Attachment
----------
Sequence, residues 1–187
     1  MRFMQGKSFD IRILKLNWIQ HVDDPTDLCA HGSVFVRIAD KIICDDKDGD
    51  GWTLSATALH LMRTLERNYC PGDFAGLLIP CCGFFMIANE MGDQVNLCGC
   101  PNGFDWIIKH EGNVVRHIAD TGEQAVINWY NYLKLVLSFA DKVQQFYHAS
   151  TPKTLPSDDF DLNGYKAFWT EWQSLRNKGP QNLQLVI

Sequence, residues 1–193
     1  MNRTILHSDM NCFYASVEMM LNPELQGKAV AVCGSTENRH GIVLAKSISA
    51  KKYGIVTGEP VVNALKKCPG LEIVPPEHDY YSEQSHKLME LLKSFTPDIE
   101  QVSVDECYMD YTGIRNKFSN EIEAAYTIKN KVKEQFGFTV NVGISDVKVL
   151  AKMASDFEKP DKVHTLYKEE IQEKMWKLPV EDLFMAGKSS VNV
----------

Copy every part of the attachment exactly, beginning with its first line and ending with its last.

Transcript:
Sequence, residues 1–187
     1  MRFMQGKSFD IRILKLNWIQ HVDDPTDLCA HGSVFVRIAD KIICDDKDGD
    51  GWTLSATALH LMRTLERNYC PGDFAGLLIP CCGFFMIANE MGDQVNLCGC
   101  PNGFDWIIKH EGNVVRHIAD TGEQAVINWY NYLKLVLSFA DKVQQFYHAS
   151  TPKTLPSDDF DLNGYKAFWT EWQSLRNKGP QNLQLVI

Sequence, residues 1–193
     1  MNRTILHSDM NCFYASVEMM LNPELQGKAV AVCGSTENRH GIVLAKSISA
    51  KKYGIVTGEP VVNALKKCPG LEIVPPEHDY YSEQSHKLME LLKSFTPDIE
   101  QVSVDECYMD YTGIRNKFSN EIEAAYTIKN KVKEQFGFTV NVGISDVKVL
   151  AKMASDFEKP DKVHTLYKEE IQEKMWKLPV EDLFMAGKSS VNV